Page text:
New Skin for Burn Patients
Burns account for 10 percent of war casualties and can significantly impair function. Because severely burned patients need skin and need it fast, the Wake Forest Institute for Regenerative Medicine is working to develop an off-the-shelf living biological dressing that can act as a barrier and integrate into the patient's existing skin tissue, while at the same time reducing scarring and contraction.
The components of the biological skin dressing will be cells and a biomaterial that can "host" the cells and support their development into a "skin-like" material. Wake Forest Institute for Regenerative Medicine researchers are exploring several sources of cells, including stem cells they discovered in amniotic fluid and placenta that could be readily available through a national cell bank.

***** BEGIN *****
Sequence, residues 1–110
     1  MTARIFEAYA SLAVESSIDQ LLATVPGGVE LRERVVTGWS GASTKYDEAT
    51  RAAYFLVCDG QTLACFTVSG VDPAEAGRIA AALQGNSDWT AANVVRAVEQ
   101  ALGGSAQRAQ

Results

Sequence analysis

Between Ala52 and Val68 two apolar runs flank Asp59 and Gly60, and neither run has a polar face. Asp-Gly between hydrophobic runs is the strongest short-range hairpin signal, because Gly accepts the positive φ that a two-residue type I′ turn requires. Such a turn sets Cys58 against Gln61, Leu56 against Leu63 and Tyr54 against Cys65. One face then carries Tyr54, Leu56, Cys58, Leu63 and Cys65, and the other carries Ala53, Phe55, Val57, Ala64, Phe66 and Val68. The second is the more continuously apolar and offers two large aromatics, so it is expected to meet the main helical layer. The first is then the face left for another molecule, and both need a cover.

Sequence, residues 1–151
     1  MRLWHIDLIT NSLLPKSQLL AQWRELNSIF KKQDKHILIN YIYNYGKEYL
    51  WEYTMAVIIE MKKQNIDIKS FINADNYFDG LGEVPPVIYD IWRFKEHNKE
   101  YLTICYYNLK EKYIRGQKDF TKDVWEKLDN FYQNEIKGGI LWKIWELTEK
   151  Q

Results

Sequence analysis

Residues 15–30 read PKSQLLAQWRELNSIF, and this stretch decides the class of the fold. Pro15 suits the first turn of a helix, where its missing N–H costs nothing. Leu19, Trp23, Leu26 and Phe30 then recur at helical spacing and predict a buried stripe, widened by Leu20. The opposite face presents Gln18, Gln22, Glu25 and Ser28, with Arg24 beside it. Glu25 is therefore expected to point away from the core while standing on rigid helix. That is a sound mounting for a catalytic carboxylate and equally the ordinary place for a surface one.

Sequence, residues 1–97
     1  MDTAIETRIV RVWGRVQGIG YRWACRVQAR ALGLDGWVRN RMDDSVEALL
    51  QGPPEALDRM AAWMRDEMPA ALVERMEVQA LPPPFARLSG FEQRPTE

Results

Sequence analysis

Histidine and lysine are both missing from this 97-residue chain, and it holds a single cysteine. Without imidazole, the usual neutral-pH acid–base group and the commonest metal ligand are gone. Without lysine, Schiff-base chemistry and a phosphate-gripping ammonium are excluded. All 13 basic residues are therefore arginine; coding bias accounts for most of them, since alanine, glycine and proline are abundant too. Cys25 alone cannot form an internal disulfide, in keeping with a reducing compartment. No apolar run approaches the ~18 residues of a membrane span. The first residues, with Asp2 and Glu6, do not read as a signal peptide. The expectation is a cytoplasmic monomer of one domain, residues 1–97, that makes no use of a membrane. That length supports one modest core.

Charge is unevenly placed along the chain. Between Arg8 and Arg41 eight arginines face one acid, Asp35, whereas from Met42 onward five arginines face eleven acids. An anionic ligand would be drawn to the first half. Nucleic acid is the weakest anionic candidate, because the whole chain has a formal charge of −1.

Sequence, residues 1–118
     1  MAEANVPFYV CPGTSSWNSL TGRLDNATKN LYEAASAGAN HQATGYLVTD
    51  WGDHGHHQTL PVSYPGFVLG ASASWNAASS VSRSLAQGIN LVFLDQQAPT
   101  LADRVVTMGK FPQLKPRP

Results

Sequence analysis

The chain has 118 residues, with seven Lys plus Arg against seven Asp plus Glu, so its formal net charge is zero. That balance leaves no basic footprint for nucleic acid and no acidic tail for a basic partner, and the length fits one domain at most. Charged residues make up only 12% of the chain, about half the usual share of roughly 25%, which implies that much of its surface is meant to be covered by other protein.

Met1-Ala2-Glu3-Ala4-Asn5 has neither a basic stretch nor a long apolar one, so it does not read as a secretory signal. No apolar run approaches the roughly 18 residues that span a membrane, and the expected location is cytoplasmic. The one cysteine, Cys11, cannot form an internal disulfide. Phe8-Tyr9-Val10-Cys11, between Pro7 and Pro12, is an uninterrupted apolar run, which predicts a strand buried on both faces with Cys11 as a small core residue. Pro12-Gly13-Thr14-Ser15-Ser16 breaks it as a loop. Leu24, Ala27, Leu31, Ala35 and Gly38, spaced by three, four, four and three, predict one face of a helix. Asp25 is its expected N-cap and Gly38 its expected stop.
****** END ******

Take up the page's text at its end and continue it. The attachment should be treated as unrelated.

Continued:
Additionally, the researchers are also developing ink jet technology as a way to “print” this dressing directly on a wound. Skin cells will be placed in the print cartridge, along with a material to support them, so the dressing can be “printed” where it is needed.